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Hospitalization 

Hospitalization
Chapter:
Hospitalization
Author(s):

Michael A. Norko

, Craig G. Burns

, and Charles Dike

DOI:
10.1093/med/9780199360574.003.0027
Page of

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date: 17 January 2020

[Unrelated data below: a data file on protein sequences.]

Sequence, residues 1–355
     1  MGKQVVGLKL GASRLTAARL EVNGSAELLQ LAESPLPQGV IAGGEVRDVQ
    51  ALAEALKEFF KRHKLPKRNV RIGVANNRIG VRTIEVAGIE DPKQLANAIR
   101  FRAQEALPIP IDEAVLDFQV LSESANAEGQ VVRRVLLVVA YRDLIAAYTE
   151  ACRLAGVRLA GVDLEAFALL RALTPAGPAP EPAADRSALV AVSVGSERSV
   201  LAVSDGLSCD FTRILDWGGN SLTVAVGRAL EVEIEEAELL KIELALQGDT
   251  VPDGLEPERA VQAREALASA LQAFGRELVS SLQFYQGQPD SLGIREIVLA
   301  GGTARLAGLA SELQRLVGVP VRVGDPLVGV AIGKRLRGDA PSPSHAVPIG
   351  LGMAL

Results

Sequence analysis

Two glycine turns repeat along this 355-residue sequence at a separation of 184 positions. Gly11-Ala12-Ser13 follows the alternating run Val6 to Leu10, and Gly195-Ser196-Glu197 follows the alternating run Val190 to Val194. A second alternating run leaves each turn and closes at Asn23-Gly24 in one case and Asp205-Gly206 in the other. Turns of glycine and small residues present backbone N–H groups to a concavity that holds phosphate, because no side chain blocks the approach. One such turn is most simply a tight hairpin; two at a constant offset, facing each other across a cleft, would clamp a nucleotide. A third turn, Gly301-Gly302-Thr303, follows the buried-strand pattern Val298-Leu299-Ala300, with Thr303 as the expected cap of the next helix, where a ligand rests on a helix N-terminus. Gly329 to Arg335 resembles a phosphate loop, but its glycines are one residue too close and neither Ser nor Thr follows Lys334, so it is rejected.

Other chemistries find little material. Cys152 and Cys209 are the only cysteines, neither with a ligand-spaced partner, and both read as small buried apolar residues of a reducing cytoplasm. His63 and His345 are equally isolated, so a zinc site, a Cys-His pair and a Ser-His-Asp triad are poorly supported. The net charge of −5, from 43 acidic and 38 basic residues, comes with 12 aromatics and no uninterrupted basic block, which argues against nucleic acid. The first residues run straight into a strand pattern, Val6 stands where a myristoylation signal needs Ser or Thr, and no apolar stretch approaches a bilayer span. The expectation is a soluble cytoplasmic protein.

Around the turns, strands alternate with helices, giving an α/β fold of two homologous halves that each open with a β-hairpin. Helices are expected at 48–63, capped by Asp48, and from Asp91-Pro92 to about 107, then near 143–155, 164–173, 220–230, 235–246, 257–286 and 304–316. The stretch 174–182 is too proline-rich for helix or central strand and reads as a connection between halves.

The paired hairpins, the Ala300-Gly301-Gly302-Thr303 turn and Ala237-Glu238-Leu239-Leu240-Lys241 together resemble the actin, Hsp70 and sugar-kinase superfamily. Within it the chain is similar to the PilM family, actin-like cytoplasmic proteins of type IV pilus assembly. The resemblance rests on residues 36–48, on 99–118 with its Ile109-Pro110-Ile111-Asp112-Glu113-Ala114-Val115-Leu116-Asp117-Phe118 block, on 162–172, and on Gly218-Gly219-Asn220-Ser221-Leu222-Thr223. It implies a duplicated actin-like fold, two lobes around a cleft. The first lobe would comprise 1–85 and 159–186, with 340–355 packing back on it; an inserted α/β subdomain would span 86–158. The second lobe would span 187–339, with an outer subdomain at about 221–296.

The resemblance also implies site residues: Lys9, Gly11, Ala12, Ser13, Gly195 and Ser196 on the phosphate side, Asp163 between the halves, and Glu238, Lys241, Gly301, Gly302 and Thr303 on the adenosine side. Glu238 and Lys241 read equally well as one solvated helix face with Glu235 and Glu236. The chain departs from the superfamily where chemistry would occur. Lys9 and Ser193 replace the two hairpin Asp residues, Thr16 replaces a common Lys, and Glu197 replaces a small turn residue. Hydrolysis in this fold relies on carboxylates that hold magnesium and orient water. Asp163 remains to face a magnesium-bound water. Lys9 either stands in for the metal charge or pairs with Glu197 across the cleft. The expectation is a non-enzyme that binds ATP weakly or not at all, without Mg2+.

A significant number of people with serious mentally illness are found in correctional settings and must be provided with clinical care commensurate with their needs. Many of those needs may be met within the mental health care systems established in jails and prisons. When clinical conditions are more complex and require more intensive management, the availability of hospital level of care becomes important. The relationship for care for an incarcerated patient between acute psychiatric care in jails and prisons on the one hand and forensic or community hospitals on the other varies by jurisdiction. While the decision to pursue hospitalization for an acutely ill inmate is driven chiefly by clinical considerations, it is also influenced by security and safety concerns. These factors need to be considered on an individual basis, weighing the advantages and disadvantages of treatment in an outside hospital versus management in the prison or jail with available resources. Involuntary medication and involuntary hospital transfer implicate important legal rights, the protection of which requires due process established by federal and state laws and case precedents. Clinicians working in corrections and in hospital settings that admit inmates and detainees need to be aware of the relevant procedures required for these involuntary treatment modalities. In all jurisdictions, hospital level care is necessary for a subset of sentenced inmates and jail detainees and must therefore be made available when appropriate. This chapter discusses a variety of models linking psychiatric care across institutional boundaries.

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